6. ROBUST MULTIVARIABLE CONTROLLER DESIGN For controller design, we use the H∞ loop-shaping design procedure given by McFarlane and Glover [1992]. The procedure is intuitive in that it is based on the multivariable generalization of classical loop-shaping ideas. The openloop plant, once given the desired loop-shape, is robustly stabilized against coprime factor uncertainty. The resulting controller has been shown to enjoy some favourable properties, such as no pole-zero cancellation occurs in the closed-loop system (except for a certain special class of plants), see Tsai et al. [1992]. In addition, the controllers thus designed have been successful in various applications; examples are those described in Samar et al. [1996], Smerlas et al. [2001], Postlethwaite et al. [2005], and Skogestad and Postlethwaite [2005]. 6.1 The Plant Model The lateral/directional control system is a multivariable control system as shown in Fig. 4. The roll and pitch angles are sensed by the vertical gyro which has very fast dynamics as compared to the vehicle, and so this sensor is modelled as a simple gain in the feedback loop. The magnetic sensor (which senses the heading angle) dynamics are also neglected. The actuator dynamics are modelled by 2nd order transfer functions. The model of the UAV for controller design is taken as a linear approximation obtained at a cruise altitude of 2000 m and a speed of 60 m/sec. It may be noted that the flight envelope consists of an altitude range from 200–5000 m and a speed bracket from 40–70 m/sec. A number of linear models are available across the flight envelope to test the robustness of the control system at different operating conditions. Note that the final plant has 2 inputs and 2 outputs. The inputs are the aileron and rudder deflection commands to the actuators. The outputs are the roll angle and the filtered yaw-rate of the vehicle. The computation of the yaw-rate and its filtering is discussed below.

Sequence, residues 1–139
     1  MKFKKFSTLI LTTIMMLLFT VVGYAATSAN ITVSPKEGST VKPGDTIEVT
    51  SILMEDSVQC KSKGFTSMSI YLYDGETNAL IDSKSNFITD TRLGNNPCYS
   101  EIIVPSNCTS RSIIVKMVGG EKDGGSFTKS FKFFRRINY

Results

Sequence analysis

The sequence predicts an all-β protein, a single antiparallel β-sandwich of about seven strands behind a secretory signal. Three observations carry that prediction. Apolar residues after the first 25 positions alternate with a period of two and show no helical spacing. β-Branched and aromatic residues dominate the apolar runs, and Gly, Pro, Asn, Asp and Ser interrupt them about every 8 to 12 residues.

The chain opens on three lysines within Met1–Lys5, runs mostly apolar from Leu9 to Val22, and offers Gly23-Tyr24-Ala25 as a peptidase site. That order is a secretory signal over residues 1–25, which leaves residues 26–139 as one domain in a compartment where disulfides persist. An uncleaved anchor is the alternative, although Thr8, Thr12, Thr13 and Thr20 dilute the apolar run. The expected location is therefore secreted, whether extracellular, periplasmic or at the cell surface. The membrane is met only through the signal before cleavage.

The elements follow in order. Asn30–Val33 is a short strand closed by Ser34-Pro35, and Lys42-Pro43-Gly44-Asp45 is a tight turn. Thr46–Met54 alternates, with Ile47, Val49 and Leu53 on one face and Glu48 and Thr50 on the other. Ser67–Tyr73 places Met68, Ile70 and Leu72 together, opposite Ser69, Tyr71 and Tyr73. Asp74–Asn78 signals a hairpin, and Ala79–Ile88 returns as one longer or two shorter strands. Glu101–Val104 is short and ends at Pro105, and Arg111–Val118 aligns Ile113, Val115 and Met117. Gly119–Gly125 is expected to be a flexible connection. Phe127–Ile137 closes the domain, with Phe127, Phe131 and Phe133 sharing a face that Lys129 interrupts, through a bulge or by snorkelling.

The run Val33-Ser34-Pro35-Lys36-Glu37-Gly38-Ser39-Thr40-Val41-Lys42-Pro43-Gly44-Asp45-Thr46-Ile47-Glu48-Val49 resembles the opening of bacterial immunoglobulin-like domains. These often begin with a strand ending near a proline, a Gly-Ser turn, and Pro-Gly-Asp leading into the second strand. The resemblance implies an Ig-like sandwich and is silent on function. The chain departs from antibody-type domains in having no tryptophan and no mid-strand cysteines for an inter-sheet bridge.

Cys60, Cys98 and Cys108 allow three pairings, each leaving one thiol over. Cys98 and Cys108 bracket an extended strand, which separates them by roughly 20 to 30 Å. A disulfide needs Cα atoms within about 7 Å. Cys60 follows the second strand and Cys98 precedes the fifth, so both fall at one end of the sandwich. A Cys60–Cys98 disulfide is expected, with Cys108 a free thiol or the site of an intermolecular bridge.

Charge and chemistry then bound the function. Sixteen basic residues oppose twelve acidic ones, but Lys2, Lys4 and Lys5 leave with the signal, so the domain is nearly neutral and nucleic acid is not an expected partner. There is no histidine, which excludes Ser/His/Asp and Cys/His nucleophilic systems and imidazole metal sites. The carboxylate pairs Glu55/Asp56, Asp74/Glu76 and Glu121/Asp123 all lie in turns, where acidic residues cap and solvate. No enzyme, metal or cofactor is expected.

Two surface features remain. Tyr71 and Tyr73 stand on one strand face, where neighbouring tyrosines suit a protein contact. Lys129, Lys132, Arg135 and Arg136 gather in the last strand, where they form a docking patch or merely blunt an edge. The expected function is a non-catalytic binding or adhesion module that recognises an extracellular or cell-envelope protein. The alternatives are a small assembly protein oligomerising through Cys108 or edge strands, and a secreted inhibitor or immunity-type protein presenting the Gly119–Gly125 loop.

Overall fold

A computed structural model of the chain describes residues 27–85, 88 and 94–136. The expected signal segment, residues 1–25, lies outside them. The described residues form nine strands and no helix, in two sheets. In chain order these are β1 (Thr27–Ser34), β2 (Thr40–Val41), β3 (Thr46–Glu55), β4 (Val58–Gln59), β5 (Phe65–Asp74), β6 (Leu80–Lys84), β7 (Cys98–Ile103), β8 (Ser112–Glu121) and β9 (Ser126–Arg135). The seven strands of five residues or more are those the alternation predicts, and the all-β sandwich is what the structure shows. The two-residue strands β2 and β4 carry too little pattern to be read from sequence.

(6)

It may be noted that the attitude sensors measure the body angles and not their rates. The derivatives of the attitude angles are computed by fitting a least-squares line to four attitude measurements. If for example the pitch angle measurements from the vertical gyro are denoted by θ0 , θ1 , θ2 and θ3 , where θ0 corresponds to the current measurement and θ3 corresponds to the measurement taken three samples earlier, then the slope of the least squares line for these points approximates the derivative (Mathews [1992]): 3θ0 + θ1 − θ2 − 3θ3 . θ˙ ≈ 10∆t

(7)

This approximation of the derivative gives a good compromise between sensitivity to measurement noise and the ˙ delay introduced into the estimation of θ. Washout filter Yaw-rate feedback is typically useful during transients, when the yaw-rate varies rapidly, or exhibits appreciable changes with time. The rudder is normally employed to suppress the yaw-rate oscillations to provide damping to the dutch roll mode of the vehicle. Thus during steady turns when there is a nearly constant yaw-rate, it is not desirable for the rudder to oppose the motion. The washout filter is a high pass filter that is used to feedback the yaw-rate at higher frequencies, effectively breaking the feedback at dc to enable steady turning of s the vehicle. The washout filter is chosen as Ww = s+1 ; it may be thought of as a frequency-dependent weight on the yaw-rate output, with a low gain at low frequency (below 1 rad/sec), and unity gain at higher frequencies. 6.2 Controller design Here we will describe the design of the lateral controller using the design procedure given by McFarlane and Glover [1992].